Guests are quartered belowdecks in three staterooms. The VIP, forward, has a swiveling television similar to that in the master. The portside guest has a queen berth, and the starboard has twins. Each stateroom incorporates the rounded look predominant throughout the yacht, but carries its own color scheme and décor.

Throughout the accommodations, the quality of the joinery is impressive. Not only do exposed surfaces exhibit a smooth, high gloss over well-matched veneers, but the inside of most cabinetry has the same level of finish.

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Crew quarters are especially spacious, with a captain’s cabin and two crew cabins abaft the guest accommodations. Crew mess and laundry areas are here, as well. Access is via a stairway from the aft main deck.

The engineroom is fully aft to allow for finer hull lines forward. The MTU diesels drive Teignbridge five-blade Nibral S-class propellers in a conventional arrangement. Two 55kW Northern Lights generators are fitted in sound boxes for electrical power under way or at anchor. An Atlas converter ensures shorepower can be made compatible with the yacht’s system anywhere in the world. There is also a DeKaiser electrical control system for seamless power transfer and automatic paralleling of generators.

All of this, along with other machinery, does not come without cost. In addition to its weight, it occupies a lot of space, leaving the engineroom a bit crowded. The third hull, with four additional feet of length, should be better.

The Millennium 118’s foredeck arrangement was well thought out. The anchors and windlasses are recessed, and the area around the windlasses is scuppered for easy chain washdown. For security, a windlass brake, a devil’s claw and a chain stopper are fitted to each unit.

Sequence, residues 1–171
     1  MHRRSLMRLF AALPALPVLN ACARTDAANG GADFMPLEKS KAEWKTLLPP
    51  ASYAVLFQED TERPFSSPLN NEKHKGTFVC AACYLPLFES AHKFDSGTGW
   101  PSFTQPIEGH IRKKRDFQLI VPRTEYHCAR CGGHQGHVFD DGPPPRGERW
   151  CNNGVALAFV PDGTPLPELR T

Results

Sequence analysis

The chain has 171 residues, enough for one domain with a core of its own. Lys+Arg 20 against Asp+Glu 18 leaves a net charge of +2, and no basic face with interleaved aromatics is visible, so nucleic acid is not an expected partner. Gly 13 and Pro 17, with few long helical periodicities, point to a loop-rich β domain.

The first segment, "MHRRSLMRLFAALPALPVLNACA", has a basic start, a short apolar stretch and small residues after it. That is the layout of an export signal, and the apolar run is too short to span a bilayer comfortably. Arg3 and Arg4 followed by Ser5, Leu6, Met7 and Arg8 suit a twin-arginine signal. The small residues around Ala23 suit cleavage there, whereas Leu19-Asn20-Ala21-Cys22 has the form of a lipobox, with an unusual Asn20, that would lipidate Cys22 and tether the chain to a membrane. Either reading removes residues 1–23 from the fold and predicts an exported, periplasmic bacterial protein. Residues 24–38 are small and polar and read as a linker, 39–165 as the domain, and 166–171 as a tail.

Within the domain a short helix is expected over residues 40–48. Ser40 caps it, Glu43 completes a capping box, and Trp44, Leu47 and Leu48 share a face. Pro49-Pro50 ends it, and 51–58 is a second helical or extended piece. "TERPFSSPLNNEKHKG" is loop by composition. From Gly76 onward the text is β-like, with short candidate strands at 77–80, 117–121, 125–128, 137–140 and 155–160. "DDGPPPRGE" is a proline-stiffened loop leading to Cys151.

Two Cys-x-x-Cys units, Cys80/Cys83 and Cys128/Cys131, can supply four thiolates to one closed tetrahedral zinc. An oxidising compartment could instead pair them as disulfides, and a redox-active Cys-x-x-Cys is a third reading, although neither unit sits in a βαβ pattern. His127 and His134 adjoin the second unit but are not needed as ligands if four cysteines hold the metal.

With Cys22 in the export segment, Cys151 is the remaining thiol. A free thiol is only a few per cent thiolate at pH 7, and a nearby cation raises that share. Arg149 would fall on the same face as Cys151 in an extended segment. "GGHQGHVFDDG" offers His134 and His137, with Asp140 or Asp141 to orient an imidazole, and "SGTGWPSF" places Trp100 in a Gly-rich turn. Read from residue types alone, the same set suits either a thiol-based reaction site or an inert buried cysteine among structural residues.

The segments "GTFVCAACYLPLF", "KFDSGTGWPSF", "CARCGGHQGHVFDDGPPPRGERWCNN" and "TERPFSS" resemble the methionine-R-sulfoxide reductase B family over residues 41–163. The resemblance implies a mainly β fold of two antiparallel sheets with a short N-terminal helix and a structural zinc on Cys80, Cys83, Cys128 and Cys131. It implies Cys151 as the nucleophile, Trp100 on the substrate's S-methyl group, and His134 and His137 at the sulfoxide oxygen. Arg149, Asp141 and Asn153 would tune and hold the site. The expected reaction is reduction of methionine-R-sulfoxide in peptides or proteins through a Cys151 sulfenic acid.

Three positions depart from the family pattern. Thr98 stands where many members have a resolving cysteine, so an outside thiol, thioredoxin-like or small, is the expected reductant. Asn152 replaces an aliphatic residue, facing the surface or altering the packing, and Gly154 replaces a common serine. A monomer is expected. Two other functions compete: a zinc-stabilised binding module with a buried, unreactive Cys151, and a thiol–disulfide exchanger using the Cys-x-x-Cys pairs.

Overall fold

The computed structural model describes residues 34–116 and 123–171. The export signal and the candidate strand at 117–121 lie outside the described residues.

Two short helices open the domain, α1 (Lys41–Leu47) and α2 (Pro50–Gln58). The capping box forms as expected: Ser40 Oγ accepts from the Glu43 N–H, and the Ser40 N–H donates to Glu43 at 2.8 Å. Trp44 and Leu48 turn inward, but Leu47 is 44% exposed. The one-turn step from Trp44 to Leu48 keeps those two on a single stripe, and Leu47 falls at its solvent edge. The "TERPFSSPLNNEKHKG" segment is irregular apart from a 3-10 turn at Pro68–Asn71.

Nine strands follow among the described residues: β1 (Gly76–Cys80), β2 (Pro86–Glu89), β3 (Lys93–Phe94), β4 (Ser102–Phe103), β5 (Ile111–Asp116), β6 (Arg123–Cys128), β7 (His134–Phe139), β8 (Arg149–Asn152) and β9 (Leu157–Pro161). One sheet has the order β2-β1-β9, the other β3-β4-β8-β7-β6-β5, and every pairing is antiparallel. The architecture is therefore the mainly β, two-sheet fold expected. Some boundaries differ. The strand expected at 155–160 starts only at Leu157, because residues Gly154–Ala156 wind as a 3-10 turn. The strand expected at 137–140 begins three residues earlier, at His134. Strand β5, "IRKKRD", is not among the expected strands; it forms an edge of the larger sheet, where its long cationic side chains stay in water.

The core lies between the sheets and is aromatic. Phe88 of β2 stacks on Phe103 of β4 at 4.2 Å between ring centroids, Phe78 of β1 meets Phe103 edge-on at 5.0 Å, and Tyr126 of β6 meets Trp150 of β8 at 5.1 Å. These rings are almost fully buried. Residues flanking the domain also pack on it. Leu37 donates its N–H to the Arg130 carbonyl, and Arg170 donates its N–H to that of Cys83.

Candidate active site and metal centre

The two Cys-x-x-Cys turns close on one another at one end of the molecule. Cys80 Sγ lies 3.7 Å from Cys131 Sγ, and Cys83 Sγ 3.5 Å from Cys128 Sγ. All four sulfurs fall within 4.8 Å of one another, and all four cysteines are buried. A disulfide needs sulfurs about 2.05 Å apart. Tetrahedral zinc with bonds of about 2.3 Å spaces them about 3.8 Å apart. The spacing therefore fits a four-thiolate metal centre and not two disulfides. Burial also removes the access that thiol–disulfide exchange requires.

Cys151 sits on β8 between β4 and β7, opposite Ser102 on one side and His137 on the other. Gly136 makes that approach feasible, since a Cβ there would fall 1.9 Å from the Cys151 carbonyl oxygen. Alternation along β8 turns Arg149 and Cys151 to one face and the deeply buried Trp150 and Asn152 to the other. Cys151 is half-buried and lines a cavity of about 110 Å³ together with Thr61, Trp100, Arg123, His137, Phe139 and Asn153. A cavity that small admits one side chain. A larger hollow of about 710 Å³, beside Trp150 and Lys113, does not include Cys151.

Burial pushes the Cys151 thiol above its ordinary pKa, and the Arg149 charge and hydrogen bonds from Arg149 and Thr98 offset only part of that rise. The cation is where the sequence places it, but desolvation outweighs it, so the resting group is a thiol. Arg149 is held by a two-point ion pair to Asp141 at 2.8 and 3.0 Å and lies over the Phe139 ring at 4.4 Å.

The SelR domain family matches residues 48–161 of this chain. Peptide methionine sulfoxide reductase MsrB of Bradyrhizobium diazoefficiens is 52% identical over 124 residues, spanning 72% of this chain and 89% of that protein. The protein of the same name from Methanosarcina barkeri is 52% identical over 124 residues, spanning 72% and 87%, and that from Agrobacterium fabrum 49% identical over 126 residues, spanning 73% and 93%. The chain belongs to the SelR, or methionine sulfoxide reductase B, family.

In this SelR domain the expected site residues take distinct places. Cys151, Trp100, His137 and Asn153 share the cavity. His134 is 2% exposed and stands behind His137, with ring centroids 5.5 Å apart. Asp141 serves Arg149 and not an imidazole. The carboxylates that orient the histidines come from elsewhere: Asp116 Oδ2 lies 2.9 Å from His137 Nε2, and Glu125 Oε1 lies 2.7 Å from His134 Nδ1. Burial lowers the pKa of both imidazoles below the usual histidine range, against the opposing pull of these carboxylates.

The seas were a little on the sloppy side as we headed out of Ft. Lauderdale northbound for the Millennium’s home port of Riviera Beach, Florida, just past Palm Beach. A special stabilizing system by Maritime Dynamics, a sister company of the better-known Naiad, helped smooth the ride in the 4- to 6-foot seas we encountered. No separate stabilizer fins are fitted amidships; instead, the computerized, hydraulically driven system utilizes oversize trim tabs at the transom to quell rolling and pitching.

The yacht is also fitted with fixed interceptors, vertical plates at the transom that provide added lift aft at speed to boost the top-end numbers. These were still being adjusted during our test and the yacht was running very flat, making steering more difficult than it should be at full speed. I suspect the symptom will disappear once the interceptors are cut back.

Control at cruising speed was fine, with a smooth and comfortable ride regardless of heading in the heavy chop.

Fans of Staluppi and Rosatti’s previous high-speed ventures will be pleased to know the Millennium series does not mean they’ve given up wretched excess. In addition to these semi-custom yachts, they are planning a custom 140-foot trideck motoryacht with more than 20,000 hp and a projected top speed of at least 70 knots to reclaim the world speed record for yachts (“The 70-Knot Superyacht”, May). Testing has been done, the machinery is ordered and completion is planned within two years.

Contact: Millennium Super Yachts, (561) 721-4100; [email protected]; www.millenniumsuperyachts.com.